Tag Archives: #shortstory

A Short Story

Once upon a time…

… there was a short story.

It wasn’t long at all;

and it wasn’t at all tall.

So short it was,

and set out so,

that it thought it was a poem;

but, it wasn’t.

It didn’t have much to say;

but, one day,

under the bluest of skies,

It left it’s home

and went off to seek fame and fortune.

Finding neither,

the short story settled down

with an extract from Coleridge’s Mariner,

and they lived happily ever after.


In Italy (#italiano)

… there was una ragazza, un lupo e una mela rosso. 

A Man Walks Into a Bar


From a prompt by Jane Goldsack

Prompt: Man walks into a bar

Arthur Deco walked into the Nineteen-Twenty bar in downtown Cityville; his need for a strong drink overriding his desire to get home.
Arthur walked up to the bar and ordered a neat double- malt bourbon and a Copycat to follow.

“A ‘Copycat,’ sir? What’s one of those?” asked the slim and anxious-looking bartender.

“A ‘Copycat’ means the same again. You just keep ’em comin’ – when I tell you to stop… ‘then’ you can just close the shop up for me.”

“Does that mean I can ‘stop’ serving you? You sure make it hard for a man to unnerstan’ what you are sayin’ mister!”

“Just you pour the drinks into my glass and I’ll relocate them down my throat. It’s that simple.”

The bartender / customer relationship worked well after this, as all conversation was muted and both sides kept to their tasks.

Eventually, Arthur positioned his hand over his empty glass.

“All done?” asked the bartender, just to confirm Arthur’s signal.

Arthur nodded.

Taking his wallet from inside his jacket, Arthur released two big bills to momentary freedom on the bar. The bartender rounded them up and rehomed them in seconds, and Arthur nodded his thanks before leaving.

Back in his auto, Arthur started the engine and drove off toward his home.

Drink-driving is a bad, bad thing; but, Arthur was as uncaring about that as he was about the parking ticket under his wiper.

Since his wife and daughter had been killed by a drunk-driver two months ago, Arthur had been on a path to disaster with only one outcome.

The man in the boot was the clown that had killed his loved ones; now, ‘he’ was about to meet a grizzly death.

The pounding from behind him was growing in intensity as Arthur coaxed a bit more MPH out of the old gal -they were doing nearly 90 when they didn’t make the turn on I48.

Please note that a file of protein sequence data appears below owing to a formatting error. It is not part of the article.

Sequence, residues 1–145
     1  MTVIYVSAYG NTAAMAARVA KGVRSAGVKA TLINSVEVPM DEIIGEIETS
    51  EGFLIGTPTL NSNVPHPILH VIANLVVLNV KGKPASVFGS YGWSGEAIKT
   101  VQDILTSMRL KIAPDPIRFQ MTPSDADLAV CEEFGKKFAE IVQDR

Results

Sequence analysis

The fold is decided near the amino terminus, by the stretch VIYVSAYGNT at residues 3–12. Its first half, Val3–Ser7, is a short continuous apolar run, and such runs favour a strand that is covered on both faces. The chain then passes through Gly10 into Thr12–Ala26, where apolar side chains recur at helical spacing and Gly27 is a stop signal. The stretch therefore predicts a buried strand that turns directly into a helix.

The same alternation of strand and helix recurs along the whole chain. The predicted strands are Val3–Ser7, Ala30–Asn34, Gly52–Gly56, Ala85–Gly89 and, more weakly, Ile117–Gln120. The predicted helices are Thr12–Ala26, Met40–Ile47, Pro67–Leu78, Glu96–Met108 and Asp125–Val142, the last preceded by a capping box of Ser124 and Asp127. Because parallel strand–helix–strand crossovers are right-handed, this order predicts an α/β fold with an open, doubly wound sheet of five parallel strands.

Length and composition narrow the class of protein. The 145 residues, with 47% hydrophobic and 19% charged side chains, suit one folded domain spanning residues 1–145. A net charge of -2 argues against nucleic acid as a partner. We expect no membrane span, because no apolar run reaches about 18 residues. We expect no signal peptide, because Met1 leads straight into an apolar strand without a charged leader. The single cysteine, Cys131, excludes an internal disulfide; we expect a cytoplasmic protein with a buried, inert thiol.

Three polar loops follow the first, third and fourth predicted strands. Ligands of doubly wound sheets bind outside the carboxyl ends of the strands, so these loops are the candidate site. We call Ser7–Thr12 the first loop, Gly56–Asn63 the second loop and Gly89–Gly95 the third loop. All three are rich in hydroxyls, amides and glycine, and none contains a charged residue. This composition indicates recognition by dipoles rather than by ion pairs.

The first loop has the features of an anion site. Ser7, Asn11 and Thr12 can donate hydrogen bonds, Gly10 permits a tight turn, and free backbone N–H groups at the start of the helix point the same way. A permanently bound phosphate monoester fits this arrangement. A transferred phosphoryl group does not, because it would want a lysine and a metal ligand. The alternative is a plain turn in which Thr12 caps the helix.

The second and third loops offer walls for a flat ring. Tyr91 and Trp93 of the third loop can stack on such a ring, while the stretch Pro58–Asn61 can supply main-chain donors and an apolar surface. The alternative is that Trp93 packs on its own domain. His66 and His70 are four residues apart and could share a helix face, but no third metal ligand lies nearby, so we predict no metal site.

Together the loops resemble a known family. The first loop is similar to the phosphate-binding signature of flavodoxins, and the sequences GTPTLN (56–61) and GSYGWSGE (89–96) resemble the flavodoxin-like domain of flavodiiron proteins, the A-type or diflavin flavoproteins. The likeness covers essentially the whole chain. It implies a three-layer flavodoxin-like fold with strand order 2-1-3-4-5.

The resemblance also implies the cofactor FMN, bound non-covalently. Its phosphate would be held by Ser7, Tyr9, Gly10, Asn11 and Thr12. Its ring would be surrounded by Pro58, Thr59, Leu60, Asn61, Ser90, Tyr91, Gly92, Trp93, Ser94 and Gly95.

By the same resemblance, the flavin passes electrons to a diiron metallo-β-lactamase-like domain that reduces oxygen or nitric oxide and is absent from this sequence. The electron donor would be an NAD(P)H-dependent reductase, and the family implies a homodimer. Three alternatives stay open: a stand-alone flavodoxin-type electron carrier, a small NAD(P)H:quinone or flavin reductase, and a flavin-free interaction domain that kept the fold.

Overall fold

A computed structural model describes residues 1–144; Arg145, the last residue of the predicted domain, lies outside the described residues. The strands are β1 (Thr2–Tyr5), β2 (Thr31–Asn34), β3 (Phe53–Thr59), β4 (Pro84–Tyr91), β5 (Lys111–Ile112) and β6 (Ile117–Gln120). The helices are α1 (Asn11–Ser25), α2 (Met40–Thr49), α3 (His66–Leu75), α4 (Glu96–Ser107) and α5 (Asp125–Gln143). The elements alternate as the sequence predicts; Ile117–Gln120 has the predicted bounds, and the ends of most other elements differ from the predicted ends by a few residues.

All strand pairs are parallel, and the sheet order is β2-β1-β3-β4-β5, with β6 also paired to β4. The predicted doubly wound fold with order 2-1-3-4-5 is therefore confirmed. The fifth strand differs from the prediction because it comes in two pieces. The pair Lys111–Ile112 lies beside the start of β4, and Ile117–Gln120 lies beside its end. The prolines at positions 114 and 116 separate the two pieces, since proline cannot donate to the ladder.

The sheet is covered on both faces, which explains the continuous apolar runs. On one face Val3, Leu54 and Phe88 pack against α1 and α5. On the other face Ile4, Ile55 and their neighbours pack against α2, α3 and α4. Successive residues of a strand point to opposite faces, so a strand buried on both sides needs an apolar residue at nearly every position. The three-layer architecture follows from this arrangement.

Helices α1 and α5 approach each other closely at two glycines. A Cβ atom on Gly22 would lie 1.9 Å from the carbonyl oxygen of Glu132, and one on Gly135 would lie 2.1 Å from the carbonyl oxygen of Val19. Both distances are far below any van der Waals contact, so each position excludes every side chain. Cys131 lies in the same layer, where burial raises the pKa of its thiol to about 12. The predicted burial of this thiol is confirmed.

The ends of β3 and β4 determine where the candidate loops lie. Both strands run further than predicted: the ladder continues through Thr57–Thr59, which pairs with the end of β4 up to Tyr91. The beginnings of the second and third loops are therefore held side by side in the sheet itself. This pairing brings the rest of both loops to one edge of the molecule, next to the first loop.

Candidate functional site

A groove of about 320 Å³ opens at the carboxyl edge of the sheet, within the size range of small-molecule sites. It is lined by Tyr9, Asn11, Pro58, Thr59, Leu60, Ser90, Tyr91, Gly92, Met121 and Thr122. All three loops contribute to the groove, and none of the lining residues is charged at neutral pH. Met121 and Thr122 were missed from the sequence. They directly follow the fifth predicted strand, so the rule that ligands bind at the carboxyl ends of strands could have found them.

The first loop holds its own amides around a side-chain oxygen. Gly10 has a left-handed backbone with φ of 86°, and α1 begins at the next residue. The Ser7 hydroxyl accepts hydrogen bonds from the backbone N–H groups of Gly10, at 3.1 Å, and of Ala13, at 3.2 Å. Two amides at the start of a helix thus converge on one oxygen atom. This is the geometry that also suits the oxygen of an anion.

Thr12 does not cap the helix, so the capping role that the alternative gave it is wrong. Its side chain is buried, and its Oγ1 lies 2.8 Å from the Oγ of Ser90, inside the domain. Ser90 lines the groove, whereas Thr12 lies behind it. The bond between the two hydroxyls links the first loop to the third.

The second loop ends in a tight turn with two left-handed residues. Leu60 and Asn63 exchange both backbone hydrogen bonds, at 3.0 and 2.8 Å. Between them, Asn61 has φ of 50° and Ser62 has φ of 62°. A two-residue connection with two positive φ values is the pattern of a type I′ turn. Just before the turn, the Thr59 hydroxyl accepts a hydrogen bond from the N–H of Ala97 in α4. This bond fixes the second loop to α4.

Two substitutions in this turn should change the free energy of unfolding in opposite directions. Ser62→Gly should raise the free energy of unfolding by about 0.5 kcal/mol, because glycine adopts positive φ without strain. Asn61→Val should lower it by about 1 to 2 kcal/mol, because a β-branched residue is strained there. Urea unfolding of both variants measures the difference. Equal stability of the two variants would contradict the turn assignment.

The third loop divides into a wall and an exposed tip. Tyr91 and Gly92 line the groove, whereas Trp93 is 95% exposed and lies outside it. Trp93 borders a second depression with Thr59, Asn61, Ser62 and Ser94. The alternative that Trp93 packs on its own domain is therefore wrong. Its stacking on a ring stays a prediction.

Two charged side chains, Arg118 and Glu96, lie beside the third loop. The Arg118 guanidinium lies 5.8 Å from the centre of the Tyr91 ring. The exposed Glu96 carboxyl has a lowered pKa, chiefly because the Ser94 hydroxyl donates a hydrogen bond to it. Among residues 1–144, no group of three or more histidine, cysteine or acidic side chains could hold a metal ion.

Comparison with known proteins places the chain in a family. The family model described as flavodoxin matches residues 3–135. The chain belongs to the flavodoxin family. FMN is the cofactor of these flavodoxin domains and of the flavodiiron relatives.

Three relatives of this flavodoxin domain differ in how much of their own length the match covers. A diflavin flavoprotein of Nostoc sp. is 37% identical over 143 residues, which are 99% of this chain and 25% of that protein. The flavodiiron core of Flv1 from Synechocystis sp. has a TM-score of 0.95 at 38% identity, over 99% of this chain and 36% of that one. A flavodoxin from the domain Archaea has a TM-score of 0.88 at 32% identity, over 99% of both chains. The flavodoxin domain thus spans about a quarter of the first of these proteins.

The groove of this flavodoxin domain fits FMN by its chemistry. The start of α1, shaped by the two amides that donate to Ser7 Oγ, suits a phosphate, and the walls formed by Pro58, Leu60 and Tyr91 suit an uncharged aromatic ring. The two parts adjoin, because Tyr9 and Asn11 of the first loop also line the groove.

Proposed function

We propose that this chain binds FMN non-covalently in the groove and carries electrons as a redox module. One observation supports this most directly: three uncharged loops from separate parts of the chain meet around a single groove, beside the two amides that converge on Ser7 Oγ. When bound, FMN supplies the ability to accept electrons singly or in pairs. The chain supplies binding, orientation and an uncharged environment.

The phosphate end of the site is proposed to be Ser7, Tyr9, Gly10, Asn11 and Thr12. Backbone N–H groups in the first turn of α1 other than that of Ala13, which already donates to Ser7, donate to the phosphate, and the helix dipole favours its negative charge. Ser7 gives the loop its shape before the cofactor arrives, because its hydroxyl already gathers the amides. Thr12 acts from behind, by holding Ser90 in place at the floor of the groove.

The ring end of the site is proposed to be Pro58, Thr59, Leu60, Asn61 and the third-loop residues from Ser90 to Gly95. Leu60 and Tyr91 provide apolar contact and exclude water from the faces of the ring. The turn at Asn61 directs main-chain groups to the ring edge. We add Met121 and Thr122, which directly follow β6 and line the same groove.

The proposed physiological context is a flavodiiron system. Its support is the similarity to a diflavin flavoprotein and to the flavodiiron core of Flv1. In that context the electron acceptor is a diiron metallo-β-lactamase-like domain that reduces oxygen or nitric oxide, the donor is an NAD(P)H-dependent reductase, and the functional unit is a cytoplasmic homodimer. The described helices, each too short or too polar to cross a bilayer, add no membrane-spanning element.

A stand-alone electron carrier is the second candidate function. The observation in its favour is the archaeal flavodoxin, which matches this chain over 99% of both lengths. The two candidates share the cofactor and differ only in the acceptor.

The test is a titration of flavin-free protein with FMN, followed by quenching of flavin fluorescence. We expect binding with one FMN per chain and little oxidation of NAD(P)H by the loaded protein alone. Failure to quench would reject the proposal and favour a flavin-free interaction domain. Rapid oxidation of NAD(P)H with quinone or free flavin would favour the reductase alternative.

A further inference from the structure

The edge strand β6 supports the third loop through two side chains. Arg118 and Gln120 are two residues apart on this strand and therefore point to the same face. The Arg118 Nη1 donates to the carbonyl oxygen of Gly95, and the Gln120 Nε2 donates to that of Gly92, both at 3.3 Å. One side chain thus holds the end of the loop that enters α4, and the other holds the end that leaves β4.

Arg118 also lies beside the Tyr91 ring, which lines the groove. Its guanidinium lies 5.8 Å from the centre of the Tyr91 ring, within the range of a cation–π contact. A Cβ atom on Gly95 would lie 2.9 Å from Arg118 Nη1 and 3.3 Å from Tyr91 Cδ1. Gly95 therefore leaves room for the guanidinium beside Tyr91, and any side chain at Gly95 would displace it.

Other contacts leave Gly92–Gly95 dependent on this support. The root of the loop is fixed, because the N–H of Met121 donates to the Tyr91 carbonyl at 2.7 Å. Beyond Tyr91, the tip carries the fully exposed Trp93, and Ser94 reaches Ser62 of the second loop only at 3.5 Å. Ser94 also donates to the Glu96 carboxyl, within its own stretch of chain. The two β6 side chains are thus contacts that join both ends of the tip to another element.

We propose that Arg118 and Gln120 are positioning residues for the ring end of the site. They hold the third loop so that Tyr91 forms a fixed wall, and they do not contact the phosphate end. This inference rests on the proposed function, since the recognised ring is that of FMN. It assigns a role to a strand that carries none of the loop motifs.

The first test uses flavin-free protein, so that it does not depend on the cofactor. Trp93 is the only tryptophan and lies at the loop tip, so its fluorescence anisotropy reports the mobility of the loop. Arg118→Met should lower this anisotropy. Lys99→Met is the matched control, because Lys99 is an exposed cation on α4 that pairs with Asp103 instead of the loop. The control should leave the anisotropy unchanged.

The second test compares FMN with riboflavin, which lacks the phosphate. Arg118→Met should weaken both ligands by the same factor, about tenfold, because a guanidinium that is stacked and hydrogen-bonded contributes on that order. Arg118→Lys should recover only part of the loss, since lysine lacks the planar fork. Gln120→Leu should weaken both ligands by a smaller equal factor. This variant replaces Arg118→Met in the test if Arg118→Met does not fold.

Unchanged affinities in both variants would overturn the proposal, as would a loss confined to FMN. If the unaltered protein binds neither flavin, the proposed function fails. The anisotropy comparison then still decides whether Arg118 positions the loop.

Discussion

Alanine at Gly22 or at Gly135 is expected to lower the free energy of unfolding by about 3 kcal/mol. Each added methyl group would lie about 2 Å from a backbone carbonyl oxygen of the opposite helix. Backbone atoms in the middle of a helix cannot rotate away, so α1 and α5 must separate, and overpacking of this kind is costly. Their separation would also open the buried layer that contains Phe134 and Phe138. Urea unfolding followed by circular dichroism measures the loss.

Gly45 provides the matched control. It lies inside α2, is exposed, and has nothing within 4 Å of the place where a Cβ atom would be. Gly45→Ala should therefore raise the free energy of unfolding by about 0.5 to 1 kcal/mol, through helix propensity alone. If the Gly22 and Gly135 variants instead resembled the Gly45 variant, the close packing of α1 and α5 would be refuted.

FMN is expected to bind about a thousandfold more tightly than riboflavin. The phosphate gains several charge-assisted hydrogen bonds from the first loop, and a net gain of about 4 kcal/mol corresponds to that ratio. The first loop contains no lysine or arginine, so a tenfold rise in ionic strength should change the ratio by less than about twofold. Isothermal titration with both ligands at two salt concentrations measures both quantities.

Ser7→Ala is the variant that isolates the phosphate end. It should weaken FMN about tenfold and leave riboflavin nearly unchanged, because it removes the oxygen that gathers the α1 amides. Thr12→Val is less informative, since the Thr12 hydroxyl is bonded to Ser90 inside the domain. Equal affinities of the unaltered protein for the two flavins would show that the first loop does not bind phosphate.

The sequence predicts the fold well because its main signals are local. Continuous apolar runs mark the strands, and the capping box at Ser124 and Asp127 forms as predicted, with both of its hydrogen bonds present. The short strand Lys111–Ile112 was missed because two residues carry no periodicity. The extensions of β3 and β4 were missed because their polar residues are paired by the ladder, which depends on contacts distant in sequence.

Arthur was soon reunited with his loved ones.

Sometimes Life throws you a handgrenade; sometimes it has a pin in it.

The Returning of Library Books

Mary CelesteThe-Bermuda-TriangleBiggles

Delilah Badger walked into the library.

Excuse me…!”

There was nobody in sight.

Is there anybody there?”

She waited for perhaps ten seconds (actually seven) and repeated her query, but with an emphasis on the word ‘anybody.’

Is there ‘anybody’ there?”


Delilah walked over to the ‘Staff Only’ sign-encumbered door and knocked briskly three times upon its imposing façade.

The door could have been the entrance to an Egyptian tomb; it was as solid as a cliff face – and particularly uninviting.

Delilah tried the door handle. It turned. She pushed. It gave. Then swung open with all the grace and style of a ballerina (supposedly to allow a book-toting librarian easy access). Delilah entered the room beyond.

There was a sturdy Librarian’s mug on the coffee table, with steam curling up decorously from within it; a side-plate, with a partially eaten Rich Tea biscuit upon it, to the side. For a library staff room – it was certainly lacking something – librarians, for a start.

Having ascertained that there were no exits from here, Delilah returned to the main library itself. Still nobody in sight.

Is there ‘ANYBODY’ at all, of any shape or size, in this LIBRARY!” shouted Delilah, flagrantly ignoring the ‘SILENCE’ signs that were dotted every six feet along the walls; being presided over by the master of the ‘SILENCE’ sign, located above the main desk; which had daubed upon the hanging sign, letters twelve inches high ‘quoting the inimitable: ‘SILENCE, Please!’

Delilah sighed; popped her bag open and took out the three books from within. She placed them upon the counter. They sat there, silently – well behaved books, they were.

Delilah wrote a quick note upon an ‘overdue’ slip of paper and popped it into the front of the top book; which, ironically, was ‘The Story of the “Marie Celeste” ‘ (with 35 illustrations) by Charles Edey Fay.

Delilah Badger left the library and was never seen again.